Turkish scientist developes insulin-free treatment for Type 1

A Turkish scientist has succeeded in developing a method of insulin-free treatment for patients with Type 1 diabetes without using medicines suppressing their immune system.

Turkish scientist developes insulin-free treatment for Type 1

A Turkish scientist has succeeded in developing a method of insulin-free treatment for patients with Type 1 diabetes without using medicines suppressing their immune system.

Professor Salih Sanlioglu, chairman of the Human Gene Therapy Division of the Akdeniz University's Department of Medical Genetics, and his team's research rising hopes for patients with Type 1 diabetes made to the cover of October edition of the Human Gene Therapy magazine in the United States.

The research will be presented at a meeting of the European Society of Gene and Cell Therapy in Hannover, Germany, on November 21 and 25.

In an exclusive interview with the A.A, Professor Sanlioglu said, "the standard treatment of Type 1 diabetes is the delivery of artificial insulin via injection combined with careful monitoring of blood glucose levels using blood testing monitors. The most permanent treatment is pancreas transplantation, but it entails patients to use medicines suppressing their immune system for the rest of their life to prevent rejection of the new organ. And long-term use of such medicines leads to severe side effects such as renal failure."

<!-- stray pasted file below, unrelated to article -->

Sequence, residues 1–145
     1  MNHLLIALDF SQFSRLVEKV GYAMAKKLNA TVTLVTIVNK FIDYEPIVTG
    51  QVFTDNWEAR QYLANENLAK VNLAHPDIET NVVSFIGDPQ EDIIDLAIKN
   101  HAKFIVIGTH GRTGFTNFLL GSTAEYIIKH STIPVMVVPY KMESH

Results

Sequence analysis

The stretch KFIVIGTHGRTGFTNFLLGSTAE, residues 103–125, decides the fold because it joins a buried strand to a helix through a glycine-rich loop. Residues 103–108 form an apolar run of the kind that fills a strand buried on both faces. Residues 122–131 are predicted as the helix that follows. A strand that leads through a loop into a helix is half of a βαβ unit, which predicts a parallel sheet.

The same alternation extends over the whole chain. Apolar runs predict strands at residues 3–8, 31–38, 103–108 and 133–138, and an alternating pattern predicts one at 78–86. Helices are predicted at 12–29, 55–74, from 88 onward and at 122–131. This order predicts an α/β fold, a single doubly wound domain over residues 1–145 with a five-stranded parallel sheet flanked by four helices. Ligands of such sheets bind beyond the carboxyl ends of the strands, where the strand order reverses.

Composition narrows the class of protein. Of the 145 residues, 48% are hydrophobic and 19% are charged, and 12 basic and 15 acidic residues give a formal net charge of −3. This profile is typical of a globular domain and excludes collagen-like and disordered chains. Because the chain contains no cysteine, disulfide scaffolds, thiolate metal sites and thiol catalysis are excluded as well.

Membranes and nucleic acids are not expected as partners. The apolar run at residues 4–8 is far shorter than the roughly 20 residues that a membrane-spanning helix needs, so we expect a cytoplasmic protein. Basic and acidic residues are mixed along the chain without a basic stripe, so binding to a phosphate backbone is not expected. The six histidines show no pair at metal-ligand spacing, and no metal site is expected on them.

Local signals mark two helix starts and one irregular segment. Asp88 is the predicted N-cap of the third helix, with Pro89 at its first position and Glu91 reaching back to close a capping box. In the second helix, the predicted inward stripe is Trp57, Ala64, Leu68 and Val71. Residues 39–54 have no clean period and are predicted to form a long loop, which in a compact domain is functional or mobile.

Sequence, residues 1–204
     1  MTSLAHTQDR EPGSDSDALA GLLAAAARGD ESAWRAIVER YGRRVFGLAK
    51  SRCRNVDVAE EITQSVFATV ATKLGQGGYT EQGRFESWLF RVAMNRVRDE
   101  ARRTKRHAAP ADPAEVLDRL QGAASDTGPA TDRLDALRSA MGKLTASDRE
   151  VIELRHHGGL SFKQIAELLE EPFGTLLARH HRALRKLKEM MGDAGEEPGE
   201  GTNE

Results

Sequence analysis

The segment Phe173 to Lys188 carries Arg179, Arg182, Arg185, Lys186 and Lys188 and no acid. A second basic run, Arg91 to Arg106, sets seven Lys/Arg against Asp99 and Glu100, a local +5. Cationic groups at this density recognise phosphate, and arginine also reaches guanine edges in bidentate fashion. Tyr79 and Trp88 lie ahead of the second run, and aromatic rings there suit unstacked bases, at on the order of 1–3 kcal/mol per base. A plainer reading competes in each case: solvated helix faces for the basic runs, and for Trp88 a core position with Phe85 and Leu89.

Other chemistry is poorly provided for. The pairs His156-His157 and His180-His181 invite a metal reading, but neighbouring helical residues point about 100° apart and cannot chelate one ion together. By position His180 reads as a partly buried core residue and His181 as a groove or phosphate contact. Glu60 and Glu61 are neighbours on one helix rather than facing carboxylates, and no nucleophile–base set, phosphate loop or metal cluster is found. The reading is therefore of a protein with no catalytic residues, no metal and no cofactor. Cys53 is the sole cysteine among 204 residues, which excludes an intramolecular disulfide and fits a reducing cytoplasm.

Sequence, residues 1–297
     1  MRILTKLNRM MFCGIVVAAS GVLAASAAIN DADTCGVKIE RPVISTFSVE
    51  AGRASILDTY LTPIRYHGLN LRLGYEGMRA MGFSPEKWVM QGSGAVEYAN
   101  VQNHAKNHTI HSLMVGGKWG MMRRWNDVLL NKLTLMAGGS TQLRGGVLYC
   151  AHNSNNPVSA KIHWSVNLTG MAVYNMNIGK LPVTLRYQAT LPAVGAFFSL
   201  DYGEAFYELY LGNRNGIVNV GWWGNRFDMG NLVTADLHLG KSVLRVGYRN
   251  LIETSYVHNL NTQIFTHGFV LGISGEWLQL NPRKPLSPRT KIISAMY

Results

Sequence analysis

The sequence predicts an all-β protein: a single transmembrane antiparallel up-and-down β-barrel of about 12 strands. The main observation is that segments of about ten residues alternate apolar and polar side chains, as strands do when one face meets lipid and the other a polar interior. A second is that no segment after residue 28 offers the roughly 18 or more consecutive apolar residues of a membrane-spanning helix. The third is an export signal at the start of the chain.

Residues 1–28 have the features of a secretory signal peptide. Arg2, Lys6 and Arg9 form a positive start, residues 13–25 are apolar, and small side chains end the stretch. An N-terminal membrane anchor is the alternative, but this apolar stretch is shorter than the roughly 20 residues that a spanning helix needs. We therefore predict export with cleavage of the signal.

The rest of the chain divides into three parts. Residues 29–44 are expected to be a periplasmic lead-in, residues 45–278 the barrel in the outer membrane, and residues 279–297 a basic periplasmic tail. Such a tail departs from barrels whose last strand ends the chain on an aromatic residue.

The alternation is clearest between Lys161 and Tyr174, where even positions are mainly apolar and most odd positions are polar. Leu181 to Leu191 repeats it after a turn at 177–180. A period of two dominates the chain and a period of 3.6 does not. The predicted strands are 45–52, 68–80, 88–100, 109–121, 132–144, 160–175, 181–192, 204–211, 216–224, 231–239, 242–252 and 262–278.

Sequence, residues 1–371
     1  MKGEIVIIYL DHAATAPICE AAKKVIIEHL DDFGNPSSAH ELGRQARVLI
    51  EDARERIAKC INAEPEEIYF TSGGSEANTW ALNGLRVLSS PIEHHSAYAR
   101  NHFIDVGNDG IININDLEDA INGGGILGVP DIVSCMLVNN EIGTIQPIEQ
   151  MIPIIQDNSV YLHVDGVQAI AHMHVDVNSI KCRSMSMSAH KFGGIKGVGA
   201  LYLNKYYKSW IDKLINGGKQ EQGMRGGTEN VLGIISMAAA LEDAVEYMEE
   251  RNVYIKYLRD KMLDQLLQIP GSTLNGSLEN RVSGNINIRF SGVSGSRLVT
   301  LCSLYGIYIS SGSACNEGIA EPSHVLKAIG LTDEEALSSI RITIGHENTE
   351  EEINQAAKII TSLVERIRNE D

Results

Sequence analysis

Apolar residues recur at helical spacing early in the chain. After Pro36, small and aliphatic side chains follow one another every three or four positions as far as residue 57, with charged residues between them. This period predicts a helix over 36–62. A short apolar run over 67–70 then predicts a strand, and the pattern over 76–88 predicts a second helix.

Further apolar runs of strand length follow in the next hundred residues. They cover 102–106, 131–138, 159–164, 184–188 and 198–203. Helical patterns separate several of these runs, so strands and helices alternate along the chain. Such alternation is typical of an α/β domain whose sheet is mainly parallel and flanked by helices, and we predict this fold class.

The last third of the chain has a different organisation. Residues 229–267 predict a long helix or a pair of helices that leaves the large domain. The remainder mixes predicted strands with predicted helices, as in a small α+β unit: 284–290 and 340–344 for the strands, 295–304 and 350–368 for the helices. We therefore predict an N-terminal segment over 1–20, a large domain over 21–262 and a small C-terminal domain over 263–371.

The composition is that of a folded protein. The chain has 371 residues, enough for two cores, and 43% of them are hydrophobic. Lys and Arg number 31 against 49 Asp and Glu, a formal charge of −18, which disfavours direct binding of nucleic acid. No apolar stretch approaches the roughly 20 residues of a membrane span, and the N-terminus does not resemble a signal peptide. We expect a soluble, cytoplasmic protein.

"Another method is islet transplantation. We transplant pancreatic tissues from dead donators to livers of patients. Those islets of pancreatic beta cells produce insulin and our patients do not need injection for about five years. However, the islet-graft lose its efficiency in liver in the course of time. Then, our patients require insulin injection. Islet-graft failure appears to be a challenging issue to overcome. Thus, complementary gene therapy strategies are needed to improve the islet-graft survival following transplantation. We are now working on an experimental gene therapy by delivering adenovirus-mediated TRAIL gene into pancreatic islets. This method will prolong islet-graft survival," he added.


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Güncelleme Tarihi: 16 Kasım 2009, 16:58
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